It wasn’t just the private sector that was singled out for criticism. Traces of salmonella were found last summer, yet at least one related death occurred as late as January 2009. There were 12 documented cases of salmonella contamination at PCA between June 2007 and September 2008.
One congressman noted that the Peter Pan/ConAgra salmonella poisoning happened with the same product in the same state less than two years ago. Another noted that Georgia’s Department of Agriculture inspected the Georgia PCA plant only one day after a sample from the plant there tested positive for salmonella, but the FDA (that ordered the state agriculture department to do the inspection) did not instruct inspectors to test for salmonella.
Stephen Sundlof, the director of the Center for Food Safety and Applied Nutrition at the FDA, conceded that some changes to inspection protocol would likely change as a result of the recent outbreak, specifically that peanut butter may be listed as a high-risk product, subject to more stringent controls. He added that more inspections and more reports would help the agency perform better.
“The FDA… wants all the information we can get,” he said.
Some lawmakers hinted that the FDA does not seem willing to accept more authority over food safety. Subcommittee Chair Bart Stupak (D-MI) said that in order to have more access to companies’ files, the FDA’s powers would have to be expanded in court whether they like it or not.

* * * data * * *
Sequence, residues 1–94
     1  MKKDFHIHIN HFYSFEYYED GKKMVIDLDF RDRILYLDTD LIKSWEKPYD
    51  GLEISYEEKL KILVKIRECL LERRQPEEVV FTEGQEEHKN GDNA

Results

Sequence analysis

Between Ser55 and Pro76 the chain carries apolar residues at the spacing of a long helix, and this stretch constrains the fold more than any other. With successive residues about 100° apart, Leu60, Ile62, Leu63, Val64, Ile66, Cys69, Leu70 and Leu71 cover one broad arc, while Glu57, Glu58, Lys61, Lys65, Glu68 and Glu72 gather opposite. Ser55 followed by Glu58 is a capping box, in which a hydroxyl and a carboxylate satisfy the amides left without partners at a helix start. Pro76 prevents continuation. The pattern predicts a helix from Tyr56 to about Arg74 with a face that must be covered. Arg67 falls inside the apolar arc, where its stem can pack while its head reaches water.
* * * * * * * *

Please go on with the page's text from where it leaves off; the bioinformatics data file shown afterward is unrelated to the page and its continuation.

“I’ve been trying to get them subpoena power for 12 years, but the FDA says they don’t need subpoena power,” he said.
Rep. John Dingell (D-MI) was frustrated by Sundlof’s reasons for not catching the salmonella outbreak earlier.
“Either you don’t have the resources or you’re incompetent,” he said.
Sundlof replied that the problem was the former, not the latter. Indeed, the FDA has suffered funding and manpower shortages consistently over the past few years.
“The FDA under the Bush Administration failed to take the steps necessary to ensure the safety of our food supply,” said Rep. Edward Markey (D-MA).
Rep. Burgess noted that part of the problem lies in Congress’ hands.
“We need to fund them better,” he said. “We’ll make our actions meet our rhetoric.”
Representatives had more ideas for reform than simply funding the agency more adequately. Rep. Diana DeGette (D-CO) said she wanted to give the FDA mandatory recall authority, which would mean the agency would no longer have to ask companies to voluntarily recall their products when a problem is found. She has also introduced legislation that would help trace outbreaks of this kind back to their source.
“We’re going to do this,” she said, adding that she hoped to accomplish much of it before the end of the year, if not sooner. “We could do my mandatory recall bill on the suspension calendar next week.”
Lou Tousignant, whose father died last month after eating contaminated peanut butter, begged the subcommittee to “please, do your job.”
“Why does the FDA not already have this authority?” he asked. “We have to be able to eat. This is just as important as the economy right now.”
A BUZZFLASH NEWS ALERT